The fact that we have a farm of our own is beginning to sink in. Lisa and I have not farmed land of our own until this year and now have the opportunity to put down roots, both figuratively and literally. I recently had an epiphany while attending a workshop on cold climate forest gardens. Prior to the workshop, I was under the impression that if you desired fruit and nut trees on your farm, you should move to the Okanagan. Then I recalled the time my ladder fell over leaving me stranded while picking apples for cider from my Grandparent’s tree. In Grande Prairie. Only 80 km from The Homestead. The cider was forgettable but the wheels are in motion – a forest garden on the Homestead.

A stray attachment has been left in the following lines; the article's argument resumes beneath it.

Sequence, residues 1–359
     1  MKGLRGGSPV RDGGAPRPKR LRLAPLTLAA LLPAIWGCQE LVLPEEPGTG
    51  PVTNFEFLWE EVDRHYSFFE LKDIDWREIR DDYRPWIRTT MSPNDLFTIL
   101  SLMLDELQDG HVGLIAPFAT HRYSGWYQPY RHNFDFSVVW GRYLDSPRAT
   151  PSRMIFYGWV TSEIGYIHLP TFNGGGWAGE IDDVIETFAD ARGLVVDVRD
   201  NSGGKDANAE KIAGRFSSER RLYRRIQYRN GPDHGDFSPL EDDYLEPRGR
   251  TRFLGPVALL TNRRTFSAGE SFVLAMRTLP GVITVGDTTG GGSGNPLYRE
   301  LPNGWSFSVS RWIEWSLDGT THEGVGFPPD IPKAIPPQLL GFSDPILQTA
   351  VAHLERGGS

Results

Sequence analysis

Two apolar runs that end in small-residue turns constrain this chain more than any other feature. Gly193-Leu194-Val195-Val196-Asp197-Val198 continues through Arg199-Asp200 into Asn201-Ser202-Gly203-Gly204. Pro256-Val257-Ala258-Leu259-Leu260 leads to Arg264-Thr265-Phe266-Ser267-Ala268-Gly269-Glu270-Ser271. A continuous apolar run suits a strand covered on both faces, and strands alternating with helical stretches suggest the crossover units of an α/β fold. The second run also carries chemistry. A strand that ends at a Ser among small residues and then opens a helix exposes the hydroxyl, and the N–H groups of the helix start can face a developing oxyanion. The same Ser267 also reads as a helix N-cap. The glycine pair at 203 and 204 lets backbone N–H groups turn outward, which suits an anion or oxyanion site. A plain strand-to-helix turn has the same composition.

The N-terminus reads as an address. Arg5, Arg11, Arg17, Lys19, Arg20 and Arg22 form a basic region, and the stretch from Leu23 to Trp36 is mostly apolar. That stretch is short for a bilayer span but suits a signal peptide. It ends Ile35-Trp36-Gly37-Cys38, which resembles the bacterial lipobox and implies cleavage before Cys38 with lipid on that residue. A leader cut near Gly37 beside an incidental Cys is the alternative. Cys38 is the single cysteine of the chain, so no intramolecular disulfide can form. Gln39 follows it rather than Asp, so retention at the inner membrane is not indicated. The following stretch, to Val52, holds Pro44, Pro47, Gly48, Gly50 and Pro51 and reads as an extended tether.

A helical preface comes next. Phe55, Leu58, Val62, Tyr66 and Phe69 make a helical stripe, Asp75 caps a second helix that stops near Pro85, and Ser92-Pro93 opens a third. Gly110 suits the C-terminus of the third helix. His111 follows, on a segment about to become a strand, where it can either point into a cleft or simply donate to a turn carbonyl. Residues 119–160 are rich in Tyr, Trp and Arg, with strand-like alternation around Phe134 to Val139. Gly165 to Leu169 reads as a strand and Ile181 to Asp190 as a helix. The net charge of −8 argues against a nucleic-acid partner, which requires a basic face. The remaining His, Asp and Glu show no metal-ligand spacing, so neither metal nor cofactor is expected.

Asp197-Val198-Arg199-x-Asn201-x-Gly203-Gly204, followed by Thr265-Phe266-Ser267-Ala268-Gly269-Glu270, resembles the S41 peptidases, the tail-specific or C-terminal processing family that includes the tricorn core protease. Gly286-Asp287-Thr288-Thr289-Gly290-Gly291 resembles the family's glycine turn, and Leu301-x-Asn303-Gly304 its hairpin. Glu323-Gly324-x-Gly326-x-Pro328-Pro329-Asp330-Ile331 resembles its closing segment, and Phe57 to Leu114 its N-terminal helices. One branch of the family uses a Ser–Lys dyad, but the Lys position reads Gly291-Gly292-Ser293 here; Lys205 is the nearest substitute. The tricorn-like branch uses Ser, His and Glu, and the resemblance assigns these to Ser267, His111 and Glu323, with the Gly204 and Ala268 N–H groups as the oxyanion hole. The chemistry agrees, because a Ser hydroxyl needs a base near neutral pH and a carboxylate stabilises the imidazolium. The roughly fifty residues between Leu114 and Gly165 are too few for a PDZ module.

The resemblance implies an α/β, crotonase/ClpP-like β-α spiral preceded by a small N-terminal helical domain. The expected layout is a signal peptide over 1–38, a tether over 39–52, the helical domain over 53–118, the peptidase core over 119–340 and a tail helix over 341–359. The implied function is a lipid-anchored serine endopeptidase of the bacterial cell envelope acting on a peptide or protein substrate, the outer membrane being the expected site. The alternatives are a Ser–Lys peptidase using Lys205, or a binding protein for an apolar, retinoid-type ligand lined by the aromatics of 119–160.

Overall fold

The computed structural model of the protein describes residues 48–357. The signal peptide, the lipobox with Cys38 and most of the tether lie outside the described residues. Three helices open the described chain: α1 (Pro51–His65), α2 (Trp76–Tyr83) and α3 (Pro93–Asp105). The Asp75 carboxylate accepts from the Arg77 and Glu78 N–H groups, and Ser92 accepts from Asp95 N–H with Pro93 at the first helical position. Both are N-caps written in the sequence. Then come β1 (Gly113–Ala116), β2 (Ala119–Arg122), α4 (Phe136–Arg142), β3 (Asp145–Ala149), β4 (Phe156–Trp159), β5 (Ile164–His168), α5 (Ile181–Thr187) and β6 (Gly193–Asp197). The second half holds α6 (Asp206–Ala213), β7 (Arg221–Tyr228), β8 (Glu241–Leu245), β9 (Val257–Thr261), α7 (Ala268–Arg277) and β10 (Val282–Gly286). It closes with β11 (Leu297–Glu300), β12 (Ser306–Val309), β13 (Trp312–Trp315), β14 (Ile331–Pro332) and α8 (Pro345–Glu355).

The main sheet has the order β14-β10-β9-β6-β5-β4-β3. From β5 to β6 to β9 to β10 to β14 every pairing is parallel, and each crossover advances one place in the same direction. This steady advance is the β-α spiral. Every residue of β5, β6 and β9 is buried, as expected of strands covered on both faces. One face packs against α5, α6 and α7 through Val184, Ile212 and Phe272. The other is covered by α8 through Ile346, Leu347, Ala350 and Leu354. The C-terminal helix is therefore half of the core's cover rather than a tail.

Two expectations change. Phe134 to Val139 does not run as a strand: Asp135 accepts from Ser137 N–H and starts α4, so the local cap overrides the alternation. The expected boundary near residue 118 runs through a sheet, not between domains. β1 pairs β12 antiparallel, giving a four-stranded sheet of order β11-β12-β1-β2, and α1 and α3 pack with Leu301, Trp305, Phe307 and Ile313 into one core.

Shortly after the course, my off farm job picked up and I was only able to spend a handful of days at home over the next couple months. During that time I started on the stockpile of the literature I’ve been saving for the winter to read. A book that I’ve found very inspiring is Restoration Agriculture by Mark Shepard, who has converted much of his farm to a food forest. Near the garden plot at The Homestead we have saskatoons, raspberries, haskap, and seabuckthorn and I’d like to try some more varieties of fruit and nut trees.
I don’t recall telling that to Santa, but he brought me a couple of apple trees for Christmas! A friend told me that the best time to plant a tree is 25 years ago and the second best time is today. I think I’ll wait until spring. Any fruit or nut tree recommendations that do well in the Peace Country?
All the best in 2017,